I was really looking forward to today: our boat tip on the Birthe Marie a gaff rigged ketch bult in the 1930s. Birthe Marie In 2021 Ben Fogle was also a guest on the boat and it has featured in his BBC series, Sacred Islands, still available on IPlayer. Having boarded and been given our safety talk we motored out into the Sound of Iona. As soon as we were well out from land, Mark, our skipper, put on all canvas and, despite only light winds, once the motor was cut, we sailed majestically under red sails with only the sound of the the water chuckling under the boat to accompany us. The bird watchers among us enjoyed watching distant diving gannets and, closer, black guillemots and later a couple of rafts of common guillemot. As we sailed north we had tempting views of the Treshneish Islands and more distantly Coll and Tiree, as well as up into Lochs Scridain and Na Keal. Once we turned back into the wind we instantly felt its chilling effects.
After the morning's activity, Heather and I had lunch in the garden and then Heather did some drawing while I took some long exposure photographs and caught up with my blog.
A warm but overcast start to the day today, but the sky soon cleared to give a perfect day. The down side to a perfect day is that one of the group tested positive for covid last night and has gone home today, A second member tested positive this morning and is now self isolating in her room. We tested clear this morning but we are now all on tenterhooks. Still, it is what it is; such is life.
We didn't let this disturb our day, however. With Nigel and Jackie we walked the southern half of the Iona Pilgrimage. We started at the Abbey and wound our way through the village to Martyr's Bay, the site of the slaughter of 68 monks by Viking raiders, where we headed inland to the Machair and the Bay at the Back of the Ocean, passing the Hill of the Angels and several calling corncrakes. Walking across the machair we once again had wonderful views of the bay and we then climbed up to Loch Staoineig before descending to Columba's Bay where we had lunch. We had an enjoyable time pottering and beachcombing, Nigel and I watching the shags flying to and fro.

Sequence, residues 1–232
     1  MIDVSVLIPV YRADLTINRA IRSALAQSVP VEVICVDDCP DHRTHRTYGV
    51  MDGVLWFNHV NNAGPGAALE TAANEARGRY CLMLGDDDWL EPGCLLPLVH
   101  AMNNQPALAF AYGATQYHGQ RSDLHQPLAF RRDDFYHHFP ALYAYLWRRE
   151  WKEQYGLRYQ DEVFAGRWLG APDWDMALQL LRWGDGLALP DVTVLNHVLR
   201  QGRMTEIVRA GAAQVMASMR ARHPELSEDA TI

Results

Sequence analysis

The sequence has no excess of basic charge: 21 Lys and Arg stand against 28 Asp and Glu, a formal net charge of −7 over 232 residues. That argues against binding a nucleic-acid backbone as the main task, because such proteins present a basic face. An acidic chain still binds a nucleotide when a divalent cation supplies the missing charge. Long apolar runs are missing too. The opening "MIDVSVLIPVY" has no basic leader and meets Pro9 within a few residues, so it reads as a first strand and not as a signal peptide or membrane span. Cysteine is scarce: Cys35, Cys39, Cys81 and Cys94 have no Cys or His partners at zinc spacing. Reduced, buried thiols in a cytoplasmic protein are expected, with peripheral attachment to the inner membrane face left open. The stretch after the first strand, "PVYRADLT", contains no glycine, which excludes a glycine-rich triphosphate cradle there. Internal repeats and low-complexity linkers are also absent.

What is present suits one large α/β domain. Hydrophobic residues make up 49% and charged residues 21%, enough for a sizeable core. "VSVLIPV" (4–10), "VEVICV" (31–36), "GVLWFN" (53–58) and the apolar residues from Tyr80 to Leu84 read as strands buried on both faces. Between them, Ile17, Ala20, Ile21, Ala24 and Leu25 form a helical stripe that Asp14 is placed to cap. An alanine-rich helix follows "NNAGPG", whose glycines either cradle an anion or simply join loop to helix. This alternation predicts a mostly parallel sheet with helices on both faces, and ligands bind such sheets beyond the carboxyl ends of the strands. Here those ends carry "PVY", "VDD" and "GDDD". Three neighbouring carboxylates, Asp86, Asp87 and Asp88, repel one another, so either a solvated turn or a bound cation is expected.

Our final destination was a tiny bay which was once a marble quarry. There are large blocks of waste lying on the beach along with much of the old machinary. Iona marble is a white limestone with seams of green serpentine in it; the high altar and font in the Abbey are made of it. Marble was quarried here until 1918. Climbing up from the quarry we followed a faint boggy path over the moor before descending into the village and a very pleasant couple of pints in the garden of the Argyll Hotel. After our evening meal the four of us wandered up to the abbey for a service before retiring for an early night.